As I struggle to climb the majestic hill in Alista, Jalisco, I begin to comprehend why our ancestor’s land is a precious treasure. I understand why many from the pueblo don’t want to expand it into a bigger place or transform the pueblo into a city. I understand why many that have immigrated to the United States of America are homesick after a few weeks. June 28 of 2009, I had made a strong connection; I understood the values of the people that surround me, and the unseen wonders of this world and this life.
I close my eyes and tilt my head up into the white blinding light; I feel heavy drops fall into my red hot blushing cheeks. I take a deep breath, inhaling the organic aromas of the wet dirt and the scent of the wild plants. I hear the river thundering ahead of me. “Vamonos!” my uncle Jose shouts. I open my eyes and see what surrounds me; I’m at the top of small yellow and reddish hill. I can see the rain drops seeping through the clay. What a wondrous place this is, and how can it be possible that the most beautiful landscapes painted with the hand of God have been unseen by my hazel eyes.
As I realize the two distinct lives I live. The lifestyles of both places, one in the United States and the other one in Central America, are completely different. I feel that I’m neither here nor there, both places are special and unique; both places have many opportunities, dreams and wonders. Even though I have been raised most of my life in America, I yearn to go back and see the face of my relatives, land of my ancestors and place where my mother’s dreams and aspirations are left behind.
As the rain begins to pour down on Earth, we all climb the big old rusty white truck, and sit on the fresh cold sand we had just removed out of the river bank. As the truck makes a slow turn around the slippery rocky hill, my mother decides that we should go walking before we make the sand slide of the back of the truck. My sister, my brother, my three cousins, my mother and I walked our way back to the pueblo. Our clothes are soaking wet, I feel the cold air brush my body creeping through my clothes…. But I take advantage of the beautiful rainy and chilly afternoon. As we move closer to the pueblo, the thorny eternal rows of maguey emerge. I see the endless green corn fields. I look at that the dark soil and see that it’s very happy with this season’s rain. It’s like a dream; I don’t want this to end.
After my trip back to America I discover that the youth of today, need more than updating twitter, getting drunk, and obsessising with weight and looks. They need to experience the humble lives that others live outside the American Crib. The women and men in the American society have been shaped by the surrounding meida. “What the mass media offers is not popular art, but entertainment which is intended to be consumed like food, forgotten, and replaced by a new dish.”(W.H. Auden) The reality that lingers outside our borders, outside our rooms, beyond our window is and will always be there. The landscapes that belong to this Earth are like a hidden treasure, asking to be found, to be loved, to be respected, by the eyes of those that carry on the future and carry hope to this world. But the treasure that binds me by the spirit is the essence of Alista, its surrounding Volcanoes of Colima; the embrace that the pueblo’s residents give, nature itself giving us the invitation to her celebration of each day.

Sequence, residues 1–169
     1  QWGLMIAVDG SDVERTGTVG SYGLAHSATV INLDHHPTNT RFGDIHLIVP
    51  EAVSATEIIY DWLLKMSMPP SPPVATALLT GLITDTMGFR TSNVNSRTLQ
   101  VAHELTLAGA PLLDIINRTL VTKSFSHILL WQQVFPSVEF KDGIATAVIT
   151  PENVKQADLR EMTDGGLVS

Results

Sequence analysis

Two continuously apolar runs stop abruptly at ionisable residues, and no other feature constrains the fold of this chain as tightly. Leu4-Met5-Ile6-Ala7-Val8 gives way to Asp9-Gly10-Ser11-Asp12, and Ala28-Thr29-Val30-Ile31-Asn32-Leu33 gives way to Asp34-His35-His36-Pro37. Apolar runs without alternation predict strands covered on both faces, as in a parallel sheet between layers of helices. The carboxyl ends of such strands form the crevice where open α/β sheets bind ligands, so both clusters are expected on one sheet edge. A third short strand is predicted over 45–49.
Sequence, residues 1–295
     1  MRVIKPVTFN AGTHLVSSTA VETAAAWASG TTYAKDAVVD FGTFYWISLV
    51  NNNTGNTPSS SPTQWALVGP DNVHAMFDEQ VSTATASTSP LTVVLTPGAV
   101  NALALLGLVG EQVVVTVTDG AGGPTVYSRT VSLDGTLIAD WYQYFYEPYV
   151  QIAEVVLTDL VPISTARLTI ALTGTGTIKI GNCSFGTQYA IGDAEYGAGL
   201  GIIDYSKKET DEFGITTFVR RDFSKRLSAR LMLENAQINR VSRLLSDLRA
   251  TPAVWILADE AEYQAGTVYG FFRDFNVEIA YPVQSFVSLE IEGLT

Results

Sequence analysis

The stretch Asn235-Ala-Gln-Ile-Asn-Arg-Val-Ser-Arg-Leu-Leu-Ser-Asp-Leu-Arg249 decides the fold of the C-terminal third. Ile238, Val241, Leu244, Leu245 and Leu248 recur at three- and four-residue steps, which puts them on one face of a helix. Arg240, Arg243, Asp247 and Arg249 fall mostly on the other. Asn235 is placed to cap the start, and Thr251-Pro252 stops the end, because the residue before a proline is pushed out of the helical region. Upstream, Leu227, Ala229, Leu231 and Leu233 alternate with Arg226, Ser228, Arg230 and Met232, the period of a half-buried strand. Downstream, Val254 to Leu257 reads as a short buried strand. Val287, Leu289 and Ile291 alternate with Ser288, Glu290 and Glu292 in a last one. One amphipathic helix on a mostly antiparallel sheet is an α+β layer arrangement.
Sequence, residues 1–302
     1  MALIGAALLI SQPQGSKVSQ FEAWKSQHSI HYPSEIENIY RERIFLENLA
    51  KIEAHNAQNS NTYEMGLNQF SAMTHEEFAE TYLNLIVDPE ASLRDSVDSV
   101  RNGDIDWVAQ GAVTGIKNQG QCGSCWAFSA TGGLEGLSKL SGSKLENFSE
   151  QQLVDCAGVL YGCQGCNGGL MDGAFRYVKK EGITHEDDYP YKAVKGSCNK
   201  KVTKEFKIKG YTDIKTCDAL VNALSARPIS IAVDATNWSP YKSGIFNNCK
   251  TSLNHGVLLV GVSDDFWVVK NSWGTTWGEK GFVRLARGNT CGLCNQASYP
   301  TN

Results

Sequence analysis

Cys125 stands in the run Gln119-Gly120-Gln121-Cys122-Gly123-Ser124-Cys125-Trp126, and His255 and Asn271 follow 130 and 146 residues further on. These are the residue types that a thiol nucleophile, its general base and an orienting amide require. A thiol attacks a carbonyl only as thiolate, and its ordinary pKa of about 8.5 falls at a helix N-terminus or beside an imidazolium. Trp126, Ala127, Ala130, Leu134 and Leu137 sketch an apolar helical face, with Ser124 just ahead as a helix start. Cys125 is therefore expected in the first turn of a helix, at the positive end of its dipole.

We begin to leave behind the green rich corn fields and the yellow reddish clay hills, picturesque homes emerge one after another. The old homes are all lined and connected to each other; they are warm burnt sienna, old white, green olive, all made of bricks and adobe. Houses built for families, houses that contain buried memories of one generation to the other. Outside the homes, children are outside playing in the small crescents that are being from by the rain. I follow the current that slides and gurgles, forming tiny rivers that lead up to my dirty white sneakers… I look up and around, at the simple attire the children, their family and everyone in the pueblo wear. Some people are barefoot, many don’t’ own shoes. Women don’t wear make-up, most have simple but beautiful braids. I look at the face of their tire husbands and see a warm delightful smile, their eyes radiate joy. They are thankful, for their prayers have been answered. This years harvest will be abundant.
From the rain drops on my cheeks to soreness of my body from hard work to the communion shared with my love ones. It is all a treasure distant from America, a hidden chest of wonders, a place where I can be me. Alista is a place where I’m tied up by the spirit. It’s a hard to say goodbye and hoping to return some day.
I go with my mother to say good night to my relatives, after hugs and exchange of gratitude my mother and I agree to look at the night sky. The goddess of the night gathers her jewels with her black velvet dress. Besides living in America, and experiencing life in Alista; I find myself living in the galactic heavens. I raise my hands up to reach the stars and draw a line with my finger chasing after the falling stars. As I follow one of the falling meteors that vanishes behind the neighboring homes; I’m immediately entertained by a graceful and noiseless glow of yellow, bluish white and neon green. Sparkling fireflies that dance around the corn stalks and hide behind the trees make feel like I’m in a fairytale. I’m amazed that every night this mysterious ritual is repeated over and over again. I find myself mesmerized by the secrets of life and the universe.
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